tommy
tommy

What's obvious about it? Bigger firms may have the cash to migrate on mass but most don't. The obvious route is to migrate when you need to replace pc's as they break beyond economic repair, not bin perfectly good machines that are still fit for purpose just because of debatable improvement in a newer O/S. It's been made clear before, and eloquently is this thread. There's a great deal more to O/S migration then slapping a DVD in the drive and hitting Setup. What should be obvious would be the business gains of migration. If there are none then it's obvious that companies won't do it just because MS says that you should.

wwgorman
wwgorman

At the moment our network has 2 units still running Windows XP, 1 unit running Windows Vista, and two running Windows 7 Professional. Except for the Windows 7 Pro units the others are the Home Edition. We expect to upgrade the 2 XP units to the minimalist Windows 7 version and leave the Vista computer alone for now and possibly retire it entirely rather than upgrade it in anyway. We attempted to upgrade the Vista unit to Win 7 Pro but failed because the larger hard drive we bought for the upgrade had a problem we did not recognize until much later. We simply kept switching the Vista hard drive back in and then later try moving more programs to the Win 7 drive before we gave up completely. The Vista computer was under powered for Win 7 Pro.

PeterM42
PeterM42

......you don't buy anything.0 from Microsoft - always wait for the first x.1 release or SP1 (Remember "Vista" was NT6.0 "Windows 7" is NT6.1) Windows 8 on the desktop will not take off until the Metro "toy" interface becomes an option as provided by the superb "Classic Shell" software (or gets ditched altogether) . Corporates do not want to pay the MASSIVE bill for retraining users to use something which basically is rubbish.

Fairbs
Fairbs

I suspect that the changes in percentages is due in part to the difficulty in obtaining PC's pre-loaded with XP.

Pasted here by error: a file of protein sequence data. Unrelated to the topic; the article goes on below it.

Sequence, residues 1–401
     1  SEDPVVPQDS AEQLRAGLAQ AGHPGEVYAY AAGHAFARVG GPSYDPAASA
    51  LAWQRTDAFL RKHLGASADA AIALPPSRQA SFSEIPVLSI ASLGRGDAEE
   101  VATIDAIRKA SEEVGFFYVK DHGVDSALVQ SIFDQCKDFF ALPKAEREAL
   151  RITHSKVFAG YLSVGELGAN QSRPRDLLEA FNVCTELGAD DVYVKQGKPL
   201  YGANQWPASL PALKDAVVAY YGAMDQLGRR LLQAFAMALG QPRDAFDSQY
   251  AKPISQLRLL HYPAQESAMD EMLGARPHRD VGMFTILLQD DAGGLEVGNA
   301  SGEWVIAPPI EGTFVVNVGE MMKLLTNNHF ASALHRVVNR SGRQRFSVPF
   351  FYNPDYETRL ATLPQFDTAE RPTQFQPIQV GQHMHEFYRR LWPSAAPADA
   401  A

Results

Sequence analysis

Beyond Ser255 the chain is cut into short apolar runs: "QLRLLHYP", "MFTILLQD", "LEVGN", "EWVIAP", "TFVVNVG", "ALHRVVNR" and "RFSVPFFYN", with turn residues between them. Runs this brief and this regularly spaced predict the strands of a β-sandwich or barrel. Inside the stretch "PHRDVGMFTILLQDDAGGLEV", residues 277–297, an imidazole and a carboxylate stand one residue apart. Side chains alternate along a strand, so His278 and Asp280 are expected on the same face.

AnonyJew
AnonyJew

I work at a community college in the IT department and we have a mix of Windows XP, 7, iOS, and Windows 8. This is a major hassle for us because our servers are running Windows Server 2008 and UNIX. Integration is nearly impossible and many of the faculty are resistant to migrating to a new operating system.

SalSte
SalSte

At this point, we're down to 5% of our equipment running XP. Of that, half are physical machines for applications which need a hardware connection to the devices they control, and the other half are virtual hosts. Once XP support dies we'll firewall off the phyiscal machines, stick with an AV client that supports the OS and go until the machine dies, or we find a suitable replacement application.

pgit
pgit

I'm having a hard time getting people to commit to something/anything after XP support ends completely. The main problem is the hardware they are using is XP era and itself needs to be replaced. But around here everyone wants to get "maximum utilization" out of their hardware, meaning they replace it when it dies. I have pointed out that win7 won't be available with new hardware forever, that it's a good idea to update hdw and XP simultaneously. The deals today are 100 times more power for the buck than when the existing XP machines were first purchased, but wallets are understandably very tight these days. Too bad, this really is a buyer's market for PCs, and bonus they come with win7 at the moment.

krisoccer
krisoccer

But I'm sure there are still plenty of users in roles that don't require them to be on the latest platform that are still on XP. But we have to be secure, so all desktops will be moved to Windows 7, Windows 8, and/or SUSE Linux (SLED) by April of 2014.

rickscr
rickscr

We are about 25% XP with plans to be 100% W7 by the end of the year. Nothing really compelling about Windows 8 other than a bit of an improvement in speed. Will wait it out for the next version as the UI could use some tweaks for people with out a touch screen imho.

JCitizen
JCitizen

I will have to switch to Linux when that fateful date occurs. I may be ready for expansion with whatever flavor of Windows is available by then, though. I bet it isn't Win 8.1!!

Mark W. Kaelin
Mark W. Kaelin

Where is your organization on the Windows XP migration spectrum? Are you currently implementing a plan to move off of Windows XP? What is your timetable?

JCitizen
JCitizen